Carbon tax provides effective, bipartisan climate solution agreeable to both sides of political aisle

Riel Whittle // The Flat Hat

Capitalism is a machine, and like many machines, it possesses a variety of knobs that we can turn to improve performance or mitigate dangers. Capitalism is an excellent tool for production. No other economic system in the world — excluding those that only exist on the dusty pages of an old red book — has eliminated absolute poverty, generated immense wealth, sparked labor-saving innovative technologies or otherwise uplifted mankind from material destitution as much as free enterprise has. However, as many rightly note, so much production has some negative side effects. One of the most troubling byproducts is industry’s contribution to the climate crisis. Unlike many unsavory aspects of business, these harmful implications are entirely external, meaning that industrialists have little financial incentive to mitigate what would always be negative externalities. Industry, in the natural pursuit of growth, will continue to pollute our Earth, not because industrialists are evil, but because they lack something which every human being operates by: incentive.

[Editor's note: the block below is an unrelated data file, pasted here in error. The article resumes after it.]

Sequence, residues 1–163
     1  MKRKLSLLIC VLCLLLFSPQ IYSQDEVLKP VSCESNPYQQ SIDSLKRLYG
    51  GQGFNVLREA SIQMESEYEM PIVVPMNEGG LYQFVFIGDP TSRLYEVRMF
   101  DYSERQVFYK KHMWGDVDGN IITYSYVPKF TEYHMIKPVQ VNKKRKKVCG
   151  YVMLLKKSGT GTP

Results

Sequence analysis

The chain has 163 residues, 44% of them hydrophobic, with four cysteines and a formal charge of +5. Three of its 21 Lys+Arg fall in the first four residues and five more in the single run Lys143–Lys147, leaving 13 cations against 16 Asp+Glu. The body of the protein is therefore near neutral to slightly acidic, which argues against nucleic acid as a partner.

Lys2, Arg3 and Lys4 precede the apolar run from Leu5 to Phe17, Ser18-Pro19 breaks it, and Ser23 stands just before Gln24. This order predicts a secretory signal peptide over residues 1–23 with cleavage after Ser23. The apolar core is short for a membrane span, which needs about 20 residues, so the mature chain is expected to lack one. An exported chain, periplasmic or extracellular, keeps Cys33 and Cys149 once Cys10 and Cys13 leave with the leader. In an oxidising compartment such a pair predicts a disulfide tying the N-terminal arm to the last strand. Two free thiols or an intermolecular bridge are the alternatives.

We’ve realized this for a long time now, and, in line with modern American tradition, there were many attempts to use only the government to solve our problems. Initial attempts to create an incentive for producers to “go green” involved mountains of jargonistic administrative regulations and mandates, drenched in so much legalese that only a specialized environmental lawyer could ever make sense of the madness, all courtesy of the Environmental Protection Agency. Inevitably, legal loopholes and the relative inefficiency of these state enforcement mechanisms, even during the Obama-era where the EPA received a massive boost in funding, ultimately proved ineffective and often killed American jobs via harsh regulatory burdens. With these regulations proving to be more trouble than they were worth, the next idea was to simply subsidize innovators of green energy by providing conditional financial rewards. However, these incentives were often handed out in an arbitrary and confusing fashion. Once more, the labyrinth of paperwork regarding the qualifications for these subsidies dissuaded all but the largest gurus — armed with their legions of well-dressed lawyers — to take advantage of these subsidies. Thus, these attempts at green corporate welfare stifled competition amongst innovators, leaving us with little gain and plenty of taxpayer money wasted, all on the part of the government’s own incomprehensible apparatus which guarded well-intentioned incentives behind endless red tape to the point of unattainability. It is not surprising that the same entity which controls the Department of Motor Vehicles cannot also expeditiously control corporate behavior.